Wikinews waves Left.pngPRSWikinews waves Right.pngIf we have made mistakes we will of course put our hands up and say so. For example when we were approached about the Sandra Burt case – by a journalist incidentally and not Sandra – we did give out slightly incorrect advice, although the questions were a little ambiguous. Once we realised our mistake we contacted Sandra to explain that she wouldn’t need a licence to sing to her customers and offered our sincere apologies. As an organisation we are very quick to admit where we get things wrong and ensure they are put right. We’re proud of our record with our customers and currently have 350,000 businesses choosing to use music in the UK.

Cquote1.svg Once we realised our mistake we contacted Sandra Cquote2.svg

—PRS

To put the complaints in context we have only have 1 for approximately every 5,000 customer contacts we make. This is an exceptionally low ratio and there are many firms who would be envious of a record like this. During 2009 our complaints fell by 50% and we appointed an independent ombudsmen who could handle any complaints if they were not resolved internally. As of January 2010 no complaints have needed to be passed on to the ombudsmen.

Wikinews waves Left.pngWNWikinews waves Right.pngHow does the PRS work with musicians who are not signed to major labels, may make music available for download via their own websites or MySpace, and do not have the financial resources to protect their copyright?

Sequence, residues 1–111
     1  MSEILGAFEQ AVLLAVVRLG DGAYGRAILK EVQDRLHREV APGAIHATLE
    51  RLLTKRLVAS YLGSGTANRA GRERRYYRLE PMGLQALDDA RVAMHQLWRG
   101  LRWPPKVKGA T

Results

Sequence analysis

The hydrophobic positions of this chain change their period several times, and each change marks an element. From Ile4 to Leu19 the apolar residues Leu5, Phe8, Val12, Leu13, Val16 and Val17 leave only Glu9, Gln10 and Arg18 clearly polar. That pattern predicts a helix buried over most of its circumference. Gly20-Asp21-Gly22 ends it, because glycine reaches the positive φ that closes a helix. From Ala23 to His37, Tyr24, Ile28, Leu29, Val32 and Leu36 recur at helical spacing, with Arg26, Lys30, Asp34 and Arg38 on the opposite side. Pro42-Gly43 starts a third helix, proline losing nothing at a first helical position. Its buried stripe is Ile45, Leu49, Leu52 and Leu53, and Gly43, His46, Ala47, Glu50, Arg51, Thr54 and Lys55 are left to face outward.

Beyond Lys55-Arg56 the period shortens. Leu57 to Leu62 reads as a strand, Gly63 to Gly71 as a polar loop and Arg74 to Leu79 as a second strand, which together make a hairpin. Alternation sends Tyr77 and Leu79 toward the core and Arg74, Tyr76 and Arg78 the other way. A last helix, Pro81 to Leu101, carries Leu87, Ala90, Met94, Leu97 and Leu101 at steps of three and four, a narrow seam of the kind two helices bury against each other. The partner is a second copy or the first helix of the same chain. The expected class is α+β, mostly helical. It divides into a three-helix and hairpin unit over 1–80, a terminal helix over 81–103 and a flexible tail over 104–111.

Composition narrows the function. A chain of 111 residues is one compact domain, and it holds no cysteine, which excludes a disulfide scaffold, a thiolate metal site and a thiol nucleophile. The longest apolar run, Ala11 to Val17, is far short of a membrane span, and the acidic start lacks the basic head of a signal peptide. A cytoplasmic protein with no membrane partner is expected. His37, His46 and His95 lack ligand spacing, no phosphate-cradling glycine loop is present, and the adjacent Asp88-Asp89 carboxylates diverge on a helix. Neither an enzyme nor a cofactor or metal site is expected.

Wikinews waves Left.pngPRSWikinews waves Right.pngMany of the PRS for Music membership is not signed to a major record label and we represent creators from all genres of music in the UK and abroad. By joining PRS for Music, which only costs £10 deferred to your first royalty payment, you ensure you can begin earning royalties whenever your music is played, performed or reproduced. We have worked hard to license such sites as YouTube, MySpace, Spotify and Sky Songs to name a selection to ensure our members can be rewarded when their work is used.

Our membership team also work hard to support our creators holding showcase events, offering advice of how to get their music used as well as legal and financial advice.

Wikinews waves Left.pngWNWikinews waves Right.pngFinally, what future plans do you have as an organisation in order to further protect and enhance your members work as new technologies emerge over the next few years?

Wikinews waves Left.pngPRSWikinews waves Right.pngPRS for Music will continue to be at the forefront of licensing new digital and online services to ensure creators are paid. We aim to get the balance right to ensure new products and music services can launch and develop, but that also they pay for the music they use.

The music industry is changing and the way we use music is continually changing (it always has) but we’ll still be at the forefront enabling people to use music whenever they want, and rewarding those that have created that music.

Wikinews waves Left.pngWNWikinews waves Right.pngThank you for taking the time out for this interview. Good luck for 2010.

Sources

Wikinews
This exclusive interview features first-hand journalism by a Wikinews reporter. See the collaboration page for more details.

External Links